Two of the prioritized areas of the UEN research strategy were Democracy and formation (Bildung) and Subjects, subject areas and learning processes. Based on these aims, and following a year-long set of negotiations, the Norway-Canada Partnership (NORCAN) project was launched in Banff, Alberta, in 2015. NORCAN was a joint research effort by the Alberta Teachers’ Association, the Ontario Teachers’ Federation and the UEN, with the Ministry of Education in Ontario. NORCAN brought together a network of nine schools and created opportunities for teachers, school leaders, students and academics to collaboratively undertake “futures-making” research “by rethinking the meaning of success in mathematics in our schools” (Stiles, 2019).

Concerns about mathematics performance in Norway and Canada had spurred the growth of a culture of accountability and testing. In this context, the senior union leaders participating in NORCAN felt they had to protect the professional autonomy of teachers. This involved countering the idea that the teachers themselves were unable to innovate and lead educational change. As NORCAN’s work unfolded, a concern for pragmatic educational development quickly shifted to critical and participatory futures thinking.

Towards new partnerships to define the futures of teaching

The global pandemic has amplified forces that could potentially weaken public education. The teaching profession must continue to ensure that its voice is heard in any reform process, while joining with the communities it serves to democratize education futures. We need new alliances such as the Education Futures Partnership, which is driven by the question of what kind of educational futures we want, and why.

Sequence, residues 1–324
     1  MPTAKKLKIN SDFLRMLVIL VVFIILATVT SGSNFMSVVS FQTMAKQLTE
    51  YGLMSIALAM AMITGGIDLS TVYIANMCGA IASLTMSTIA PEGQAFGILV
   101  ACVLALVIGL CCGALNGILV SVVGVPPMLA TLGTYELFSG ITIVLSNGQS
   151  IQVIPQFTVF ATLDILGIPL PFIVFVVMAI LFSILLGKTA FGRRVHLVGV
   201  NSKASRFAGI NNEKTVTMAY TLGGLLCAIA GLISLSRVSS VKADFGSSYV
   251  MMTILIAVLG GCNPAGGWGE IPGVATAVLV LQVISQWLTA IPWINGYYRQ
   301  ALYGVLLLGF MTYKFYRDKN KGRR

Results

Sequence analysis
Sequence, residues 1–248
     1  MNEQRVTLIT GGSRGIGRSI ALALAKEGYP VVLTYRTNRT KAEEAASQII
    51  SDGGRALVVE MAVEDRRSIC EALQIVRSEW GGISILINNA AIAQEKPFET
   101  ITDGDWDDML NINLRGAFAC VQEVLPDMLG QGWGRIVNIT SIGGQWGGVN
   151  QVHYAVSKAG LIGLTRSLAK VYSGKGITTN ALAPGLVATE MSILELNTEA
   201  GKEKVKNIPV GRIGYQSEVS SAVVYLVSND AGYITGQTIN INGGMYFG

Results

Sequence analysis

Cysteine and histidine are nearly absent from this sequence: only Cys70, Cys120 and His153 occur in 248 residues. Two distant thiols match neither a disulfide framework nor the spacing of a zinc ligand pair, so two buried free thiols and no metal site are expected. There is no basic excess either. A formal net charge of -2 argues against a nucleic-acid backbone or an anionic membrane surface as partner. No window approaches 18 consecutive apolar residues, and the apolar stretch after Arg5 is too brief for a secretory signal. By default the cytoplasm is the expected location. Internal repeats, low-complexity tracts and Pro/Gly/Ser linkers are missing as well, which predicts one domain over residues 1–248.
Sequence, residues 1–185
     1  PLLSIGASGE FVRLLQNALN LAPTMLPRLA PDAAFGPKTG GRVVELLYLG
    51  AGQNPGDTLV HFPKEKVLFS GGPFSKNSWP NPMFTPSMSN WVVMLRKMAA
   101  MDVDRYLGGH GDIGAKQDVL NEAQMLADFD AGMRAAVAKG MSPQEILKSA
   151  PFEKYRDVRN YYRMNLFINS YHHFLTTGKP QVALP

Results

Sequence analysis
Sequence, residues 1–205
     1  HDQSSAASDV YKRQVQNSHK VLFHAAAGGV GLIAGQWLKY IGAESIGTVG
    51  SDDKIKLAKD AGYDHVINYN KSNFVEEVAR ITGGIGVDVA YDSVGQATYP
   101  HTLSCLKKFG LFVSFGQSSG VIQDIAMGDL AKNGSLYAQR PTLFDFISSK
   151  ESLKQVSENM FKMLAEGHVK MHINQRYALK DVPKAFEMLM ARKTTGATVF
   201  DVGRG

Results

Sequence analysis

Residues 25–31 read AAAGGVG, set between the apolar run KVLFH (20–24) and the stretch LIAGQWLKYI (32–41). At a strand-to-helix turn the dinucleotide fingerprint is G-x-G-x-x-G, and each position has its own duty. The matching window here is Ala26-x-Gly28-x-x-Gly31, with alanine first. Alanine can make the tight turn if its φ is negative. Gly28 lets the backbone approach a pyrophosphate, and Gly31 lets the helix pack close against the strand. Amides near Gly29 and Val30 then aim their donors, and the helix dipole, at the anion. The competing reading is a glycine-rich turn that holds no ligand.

Collaborative, participatory futures-making should be prioritized as both teacher organizations and the academic community respond to ongoing disruptions. We must work together to ensure that future visions of education remain strongly grounded in the idea of education as a public good. In partnership we can meet the challenge issued by Hannah Arendt, when she proclaimed that “education is where we decide whether we love our children enough not to expel them from our world and leave them to their own devices, not to strike from their hands their chance of undertaking something new, something unforeseen by us, but to prepare them in advance for the task of renewing a common world” (1993: 180).

 

References

Arendt, H. (1993), Between Past and Future, New York, Penguin Books.

Inayatullah, S. (2013), Futures Studies: Theories and Methods, pp. 36-66.

Stiles, P.J. (2019), Disrupting School Leadership-A Leadership of Disruption, PhD Dissertation,     University of Alberta, Edmonton, Canada. 

Urry, J. (2016), What is the Future? Cambridge, Polity Press.


The designations employed and the presentation of material throughout this article do not imply the expression of any opinion whatsoever on the part of UNESCO and the International Task Force on Teachers for Education 2030 concerning the legal status of any country, territory, city or area or of its authorities, or concerning the delimitation of its frontiers or boundaries. The ideas and opinions expressed in this publication are those of the authors; they are not necessarily those of UNESCO and do not commit the Organization.

Credit: Photo credit: Taichung ANL/Flickr.com


*Dr J-C Couture is currently adjunct instructor with the Faculty of Education, University of Alberta and the Ontario Institute for Studies in Education.

Dr Sam Sellar is Reader in Education Studies at Manchester Metropolitan University and lead editor of Discourse: Studies in the Cultural Politics of Education.

Roar Grøttvik is a political adviser with the Union of Education Norway and Chair of the Education International Research Institute Board.